3. a triangular tract of land, esp. one lying between larger divisions.
v.t.
4. to make or furnish with a gore or gores.
[before 900; Middle English; Old English gāra corner, c. Old High German gēro, Old Norse geiri; compare Old English gār spear]

Gore

(gɔr, goʊr)
n.
Albert Arnold, Jr. (Al), born 1948, vice president of the U.S. 1993–2001.

gore


Past participle: gored
Gerund: goring

Imperative
gore
gore
Present
I gore
you gore
he/she/it gores
we gore
you gore
they gore
Preterite
I gored
you gored
he/she/it gored
we gored
you gored
they gored
Present Continuous
I am goring
you are goring
he/she/it is goring
we are goring
you are goring
they are goring
Present Perfect
I have gored
you have gored
he/she/it has gored
we have gored
you have gored
they have gored
Past Continuous
I was goring
you were goring
he/she/it was goring
we were goring
you were goring
they were goring
Past Perfect
I had gored
you had gored
he/she/it had gored
we had gored
you had gored
they had gored
Future
I will gore
you will gore
he/she/it will gore
we will gore
you will gore
they will gore
Future Perfect
I will have gored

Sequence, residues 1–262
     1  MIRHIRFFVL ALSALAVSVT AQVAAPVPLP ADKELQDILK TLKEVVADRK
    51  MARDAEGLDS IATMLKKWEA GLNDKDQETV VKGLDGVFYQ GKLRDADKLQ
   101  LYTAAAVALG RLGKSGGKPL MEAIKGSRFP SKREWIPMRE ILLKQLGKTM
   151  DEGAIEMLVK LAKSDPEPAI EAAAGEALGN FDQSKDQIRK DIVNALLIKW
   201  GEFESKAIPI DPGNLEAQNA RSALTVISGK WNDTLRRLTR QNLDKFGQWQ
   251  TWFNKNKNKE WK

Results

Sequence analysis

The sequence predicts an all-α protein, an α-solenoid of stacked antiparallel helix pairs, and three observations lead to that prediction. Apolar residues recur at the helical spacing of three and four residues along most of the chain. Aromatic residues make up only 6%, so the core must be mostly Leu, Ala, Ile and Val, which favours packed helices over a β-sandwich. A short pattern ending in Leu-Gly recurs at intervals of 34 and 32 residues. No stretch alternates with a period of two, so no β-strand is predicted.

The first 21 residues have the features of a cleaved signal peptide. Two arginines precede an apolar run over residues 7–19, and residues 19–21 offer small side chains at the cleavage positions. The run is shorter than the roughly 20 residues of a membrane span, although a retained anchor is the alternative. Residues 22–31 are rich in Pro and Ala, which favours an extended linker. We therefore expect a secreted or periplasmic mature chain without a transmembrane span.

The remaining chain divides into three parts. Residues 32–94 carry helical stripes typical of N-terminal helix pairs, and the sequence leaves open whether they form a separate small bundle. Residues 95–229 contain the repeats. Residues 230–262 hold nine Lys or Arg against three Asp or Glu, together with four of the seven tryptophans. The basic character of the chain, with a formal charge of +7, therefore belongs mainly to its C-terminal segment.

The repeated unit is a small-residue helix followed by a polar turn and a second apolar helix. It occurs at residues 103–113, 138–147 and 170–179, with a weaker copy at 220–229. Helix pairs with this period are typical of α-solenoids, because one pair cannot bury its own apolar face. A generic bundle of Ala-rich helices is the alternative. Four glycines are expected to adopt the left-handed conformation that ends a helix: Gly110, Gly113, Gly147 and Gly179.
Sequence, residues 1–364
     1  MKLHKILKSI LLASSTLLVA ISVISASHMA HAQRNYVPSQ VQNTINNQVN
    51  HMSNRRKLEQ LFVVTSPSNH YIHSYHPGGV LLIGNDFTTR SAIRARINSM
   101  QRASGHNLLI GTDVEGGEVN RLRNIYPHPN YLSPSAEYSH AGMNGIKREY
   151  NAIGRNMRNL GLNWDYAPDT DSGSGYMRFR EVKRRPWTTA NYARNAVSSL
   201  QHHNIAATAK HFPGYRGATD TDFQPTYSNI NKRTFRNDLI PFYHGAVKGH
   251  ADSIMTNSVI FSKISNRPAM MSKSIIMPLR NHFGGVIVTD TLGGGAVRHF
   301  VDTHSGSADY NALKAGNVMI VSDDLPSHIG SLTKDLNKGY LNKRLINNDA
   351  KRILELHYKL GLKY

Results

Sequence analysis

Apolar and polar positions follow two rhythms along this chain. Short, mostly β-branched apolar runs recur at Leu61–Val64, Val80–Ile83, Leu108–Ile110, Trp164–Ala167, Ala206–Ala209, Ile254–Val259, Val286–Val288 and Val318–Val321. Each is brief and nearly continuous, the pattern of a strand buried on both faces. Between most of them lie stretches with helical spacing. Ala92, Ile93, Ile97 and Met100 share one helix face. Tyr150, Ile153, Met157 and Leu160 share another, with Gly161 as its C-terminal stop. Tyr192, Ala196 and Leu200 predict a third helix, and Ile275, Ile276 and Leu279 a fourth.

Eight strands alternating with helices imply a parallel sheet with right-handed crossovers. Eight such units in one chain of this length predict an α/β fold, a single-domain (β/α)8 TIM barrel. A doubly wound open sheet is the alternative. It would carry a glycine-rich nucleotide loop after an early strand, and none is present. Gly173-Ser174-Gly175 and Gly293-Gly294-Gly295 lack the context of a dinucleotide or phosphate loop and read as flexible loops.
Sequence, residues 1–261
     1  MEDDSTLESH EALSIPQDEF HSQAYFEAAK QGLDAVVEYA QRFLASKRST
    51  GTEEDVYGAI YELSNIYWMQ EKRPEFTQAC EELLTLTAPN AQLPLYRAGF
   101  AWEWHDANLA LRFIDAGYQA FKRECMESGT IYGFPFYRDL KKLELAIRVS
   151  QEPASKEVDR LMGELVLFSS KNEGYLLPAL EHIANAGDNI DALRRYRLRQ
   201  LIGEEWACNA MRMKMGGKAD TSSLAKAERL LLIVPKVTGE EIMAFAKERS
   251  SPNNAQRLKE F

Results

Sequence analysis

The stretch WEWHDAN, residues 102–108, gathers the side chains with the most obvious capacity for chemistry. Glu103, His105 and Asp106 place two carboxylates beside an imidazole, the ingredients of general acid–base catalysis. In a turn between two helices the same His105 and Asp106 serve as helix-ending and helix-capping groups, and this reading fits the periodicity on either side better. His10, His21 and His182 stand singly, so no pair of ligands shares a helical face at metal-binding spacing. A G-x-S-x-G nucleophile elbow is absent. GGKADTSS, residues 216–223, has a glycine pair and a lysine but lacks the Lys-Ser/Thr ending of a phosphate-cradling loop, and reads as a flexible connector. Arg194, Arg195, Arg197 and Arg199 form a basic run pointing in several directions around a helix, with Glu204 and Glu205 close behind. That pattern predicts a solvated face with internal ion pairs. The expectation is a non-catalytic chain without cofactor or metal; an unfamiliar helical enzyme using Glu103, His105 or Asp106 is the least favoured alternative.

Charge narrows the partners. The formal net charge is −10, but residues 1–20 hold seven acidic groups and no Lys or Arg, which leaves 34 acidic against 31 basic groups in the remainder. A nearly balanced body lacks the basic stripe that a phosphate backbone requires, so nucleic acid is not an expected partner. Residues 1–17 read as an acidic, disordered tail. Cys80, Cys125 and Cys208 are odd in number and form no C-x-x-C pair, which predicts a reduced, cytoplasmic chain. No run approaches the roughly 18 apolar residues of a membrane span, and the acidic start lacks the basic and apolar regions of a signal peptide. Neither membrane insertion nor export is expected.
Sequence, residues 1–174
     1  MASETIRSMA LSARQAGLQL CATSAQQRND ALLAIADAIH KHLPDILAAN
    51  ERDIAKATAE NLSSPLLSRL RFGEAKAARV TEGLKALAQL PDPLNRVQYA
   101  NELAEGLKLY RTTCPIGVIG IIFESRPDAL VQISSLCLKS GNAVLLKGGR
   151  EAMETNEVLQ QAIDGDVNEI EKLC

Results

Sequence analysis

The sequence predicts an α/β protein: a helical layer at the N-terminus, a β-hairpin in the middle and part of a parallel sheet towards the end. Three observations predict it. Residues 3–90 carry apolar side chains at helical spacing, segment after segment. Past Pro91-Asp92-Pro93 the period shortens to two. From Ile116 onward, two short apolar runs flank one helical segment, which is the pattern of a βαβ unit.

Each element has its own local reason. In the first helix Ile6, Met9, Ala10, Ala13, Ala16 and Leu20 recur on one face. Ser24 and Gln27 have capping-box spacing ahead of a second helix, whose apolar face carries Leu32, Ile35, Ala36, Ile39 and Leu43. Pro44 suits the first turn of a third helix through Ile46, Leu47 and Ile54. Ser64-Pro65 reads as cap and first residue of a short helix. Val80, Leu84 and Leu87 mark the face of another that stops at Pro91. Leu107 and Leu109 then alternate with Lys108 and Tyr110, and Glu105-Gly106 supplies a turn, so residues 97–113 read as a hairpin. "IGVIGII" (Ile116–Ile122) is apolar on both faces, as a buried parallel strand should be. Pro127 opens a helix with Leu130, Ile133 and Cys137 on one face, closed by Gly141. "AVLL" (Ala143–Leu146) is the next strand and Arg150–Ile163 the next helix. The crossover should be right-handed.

you will have gored
he/she/it will have gored
we will have gored
you will have gored
they will have gored
Future Continuous
I will be goring
you will be goring
he/she/it will be goring
we will be goring
you will be goring
they will be goring
Present Perfect Continuous
I have been goring
you have been goring
he/she/it has been goring
we have been goring
you have been goring
they have been goring
Future Perfect Continuous
I will have been goring
you will have been goring
he/she/it will have been goring
we will have been goring
you will have been goring
they will have been goring
Past Perfect Continuous
I had been goring
you had been goring
he/she/it had been goring
we had been goring
you had been goring
they had been goring
Conditional
I would gore
you would gore
he/she/it would gore
we would gore
you would gore
they would gore
Past Conditional
I would have gored
you would have gored
he/she/it would have gored
we would have gored
you would have gored
they would have gored